A friend applied for a job at a well-known multinational company. She was excited to receive a response within an hour, then quickly bemused by the speed at which she had been rejected. “It took me hours to write that application” she said. “How could they make a decision so fast?”
I recently sold some used goods on eBay. The next day my Facebook feed suggested I might be interested in a “private” group for buyers and sellers of a branded product I had just got rid of. A bit late I thought. And creepy…
Those of us who are not tech savvy often frame the risks associated with the use of AI as a problem of the future: after they take all of our jobs, super intelligent robots will become self-aware and either enslave the entire human race while we remain blissfully ignorant or run around town with a sawn off shotgun looking for John Connor. In contrast, corporations present a utopian vision of the future where, free from assembling IKEA furniture and other mundane tasks, humans can realise their full potential and live the lives we have always dreamed. Who is right?
Fortunately the UK is leading global research into the ethical use of AI and has already created institutions to start to address these challenges and opportunities. So we invited two experts to Australia to share UK insights and discuss the need for constructive and effective regulation of new and emerging technologies. Dr Mariarosaria Taddeo is a philosopher who co-leads research in digital ethics with Professor Luciano Floridi at Oxford University’s Internet Institute. Roger Taylor is the chair of the UK’s Centre for Data Ethics and Innovation. The exam question was: should we be worried about the risks of AI?
During a packed programme across Melbourne, Canberra and Sydney our experts met with government officials, industry representatives and academics. They reassured us that fears about robots taking over the world are pure science fiction: the machines are not going to turn against us – at least not without human input. However technological disruption is not “coming”, it’s already here and is rapidly transforming our environment and influencing human behaviour in ways we don’t fully understand. This raises some really important ethical issues that we do need to consider as a society. For example:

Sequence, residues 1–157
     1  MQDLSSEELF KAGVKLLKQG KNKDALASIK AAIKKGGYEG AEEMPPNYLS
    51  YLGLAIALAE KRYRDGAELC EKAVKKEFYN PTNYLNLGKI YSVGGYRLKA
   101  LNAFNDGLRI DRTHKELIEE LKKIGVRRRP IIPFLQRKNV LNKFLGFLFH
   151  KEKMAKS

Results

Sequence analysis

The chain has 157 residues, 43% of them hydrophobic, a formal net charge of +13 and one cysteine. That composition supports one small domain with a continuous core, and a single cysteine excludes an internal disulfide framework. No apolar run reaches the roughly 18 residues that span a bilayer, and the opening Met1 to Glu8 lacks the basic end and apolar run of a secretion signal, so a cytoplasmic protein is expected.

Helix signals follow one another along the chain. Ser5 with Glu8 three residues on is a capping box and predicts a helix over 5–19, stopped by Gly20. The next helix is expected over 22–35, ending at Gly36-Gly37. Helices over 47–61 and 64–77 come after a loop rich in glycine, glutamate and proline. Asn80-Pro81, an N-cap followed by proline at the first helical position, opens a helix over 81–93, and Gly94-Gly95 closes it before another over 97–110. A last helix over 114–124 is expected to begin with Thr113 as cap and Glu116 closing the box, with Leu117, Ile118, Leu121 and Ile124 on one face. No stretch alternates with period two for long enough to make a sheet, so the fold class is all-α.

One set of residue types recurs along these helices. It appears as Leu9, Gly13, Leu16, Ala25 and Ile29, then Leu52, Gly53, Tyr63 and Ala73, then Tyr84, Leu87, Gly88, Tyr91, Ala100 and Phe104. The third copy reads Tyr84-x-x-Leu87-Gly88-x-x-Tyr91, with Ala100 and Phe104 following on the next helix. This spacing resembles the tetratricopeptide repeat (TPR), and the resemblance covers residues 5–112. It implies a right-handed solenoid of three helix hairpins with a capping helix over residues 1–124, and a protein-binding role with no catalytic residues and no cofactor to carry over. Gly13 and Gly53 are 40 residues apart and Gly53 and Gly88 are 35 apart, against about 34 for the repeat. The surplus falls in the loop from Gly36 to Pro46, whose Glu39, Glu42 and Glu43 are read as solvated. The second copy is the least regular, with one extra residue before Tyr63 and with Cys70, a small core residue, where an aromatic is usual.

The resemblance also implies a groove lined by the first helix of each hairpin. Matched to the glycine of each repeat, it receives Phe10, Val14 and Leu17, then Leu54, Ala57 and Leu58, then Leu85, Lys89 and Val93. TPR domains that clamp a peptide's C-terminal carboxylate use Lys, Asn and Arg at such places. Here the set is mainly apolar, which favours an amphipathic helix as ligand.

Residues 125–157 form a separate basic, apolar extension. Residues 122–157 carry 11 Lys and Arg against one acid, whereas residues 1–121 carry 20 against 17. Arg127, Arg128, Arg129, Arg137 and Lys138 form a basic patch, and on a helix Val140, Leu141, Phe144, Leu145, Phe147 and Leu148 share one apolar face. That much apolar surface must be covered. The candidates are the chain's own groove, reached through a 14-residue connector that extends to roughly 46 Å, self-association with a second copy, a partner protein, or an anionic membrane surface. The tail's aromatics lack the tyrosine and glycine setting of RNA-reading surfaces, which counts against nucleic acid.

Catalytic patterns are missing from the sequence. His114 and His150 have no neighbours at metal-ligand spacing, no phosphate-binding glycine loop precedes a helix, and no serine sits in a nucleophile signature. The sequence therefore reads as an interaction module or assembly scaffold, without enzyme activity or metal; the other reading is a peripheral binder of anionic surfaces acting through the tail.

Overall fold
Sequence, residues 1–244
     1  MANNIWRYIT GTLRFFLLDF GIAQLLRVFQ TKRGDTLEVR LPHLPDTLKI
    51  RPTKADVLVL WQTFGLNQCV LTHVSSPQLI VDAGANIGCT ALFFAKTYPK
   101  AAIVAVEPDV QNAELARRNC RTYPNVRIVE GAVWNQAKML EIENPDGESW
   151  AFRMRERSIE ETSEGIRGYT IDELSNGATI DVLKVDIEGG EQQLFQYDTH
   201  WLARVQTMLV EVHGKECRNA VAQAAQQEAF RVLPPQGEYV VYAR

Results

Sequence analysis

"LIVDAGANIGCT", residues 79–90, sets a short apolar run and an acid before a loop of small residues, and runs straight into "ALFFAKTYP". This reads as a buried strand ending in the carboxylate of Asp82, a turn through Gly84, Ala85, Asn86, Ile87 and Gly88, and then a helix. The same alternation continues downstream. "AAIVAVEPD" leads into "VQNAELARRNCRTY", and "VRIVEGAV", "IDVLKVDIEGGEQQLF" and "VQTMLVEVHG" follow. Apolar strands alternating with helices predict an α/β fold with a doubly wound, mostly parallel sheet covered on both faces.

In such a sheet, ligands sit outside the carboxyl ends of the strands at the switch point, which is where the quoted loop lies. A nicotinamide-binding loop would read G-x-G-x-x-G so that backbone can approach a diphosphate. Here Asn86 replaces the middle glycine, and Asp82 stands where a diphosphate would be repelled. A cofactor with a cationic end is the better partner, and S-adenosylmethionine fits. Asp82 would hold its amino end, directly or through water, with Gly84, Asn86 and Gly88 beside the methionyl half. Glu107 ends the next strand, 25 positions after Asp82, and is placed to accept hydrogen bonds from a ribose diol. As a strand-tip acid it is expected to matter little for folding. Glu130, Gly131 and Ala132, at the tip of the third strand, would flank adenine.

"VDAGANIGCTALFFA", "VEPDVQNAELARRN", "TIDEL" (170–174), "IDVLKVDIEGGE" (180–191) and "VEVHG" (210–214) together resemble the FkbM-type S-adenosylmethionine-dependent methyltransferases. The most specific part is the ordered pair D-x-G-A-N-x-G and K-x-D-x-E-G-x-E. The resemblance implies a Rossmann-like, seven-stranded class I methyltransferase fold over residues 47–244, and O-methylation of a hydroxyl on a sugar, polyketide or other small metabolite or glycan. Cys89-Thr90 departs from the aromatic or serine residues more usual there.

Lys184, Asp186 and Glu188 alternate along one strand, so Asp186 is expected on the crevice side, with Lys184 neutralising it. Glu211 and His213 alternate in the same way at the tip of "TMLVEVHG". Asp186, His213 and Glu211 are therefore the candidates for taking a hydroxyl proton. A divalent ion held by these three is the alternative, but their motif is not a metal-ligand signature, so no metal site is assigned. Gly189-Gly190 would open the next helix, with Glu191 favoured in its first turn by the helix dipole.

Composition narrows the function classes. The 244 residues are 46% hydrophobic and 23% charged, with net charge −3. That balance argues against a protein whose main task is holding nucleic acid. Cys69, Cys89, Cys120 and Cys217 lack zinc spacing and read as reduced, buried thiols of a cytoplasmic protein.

There is clearly an efficiency gain in using AI to filter thousands of job applications. However if we delegate some or all stages of recruitment to AI, how can we be sure that data used by the algorithm doesn’t perpetuate unwanted bias in the workforce?
Line advertising companies use micro-targeting to tailor our internet experience to us as individuals, based on our interests and preferences. These helpful nudges enable us to cut through the white noise but at what point does persuasion become manipulation?
Furthermore, if an algorithm is found to discriminate against protected groups, or online targeting inadvertently directs a vulnerable person towards a terrorist recruitment organisation, what will be our response?
These are not problems for future generations but issues many countries are grappling with right now, particularly medium sized democracies like the UK and Australia who share concerns about the use of the internet to promote harmful content or how micro-targeting is influencing our politics. This is why the UK is adopting a world-leading package of online safety measures to tackle Online Harms and ensure companies take better care of our citizens online.
On the flip side, AI presents a real opportunity to do enormous good for society, create high quality jobs and drive economic growth – potentially contributing an estimated £232bn to the UK economy by 2030. However, to date we have been passive in accepting AI technologies into our lives without fully exploring how it can be used to make our lives better. Without a clear approach that informs industry partners, we may miss the chance to realise these gains.
Our guests couldn’t offer a silver bullet but they left us with three issues to explore further:
Done well, regulation can be an enabler for innovation. It can provide clarity for companies about what is acceptable in society and help to create new industries.
Reducing the friction in data sharing will also support innovation but will need to be carefully balanced with public concerns around privacy and trust.
Regulation needs to be developed in a local context. International collaboration is important and global guidelines are helpful: both the UK and Australia have adopted the OECD principles on AI. However it is ultimately the domestic legal, cultural and political setting that should inform the use of AI in society.
And their final thought? Now is the time to decide how we want to govern new technologies. Because when it comes to AI, humans are both the problem and the solution.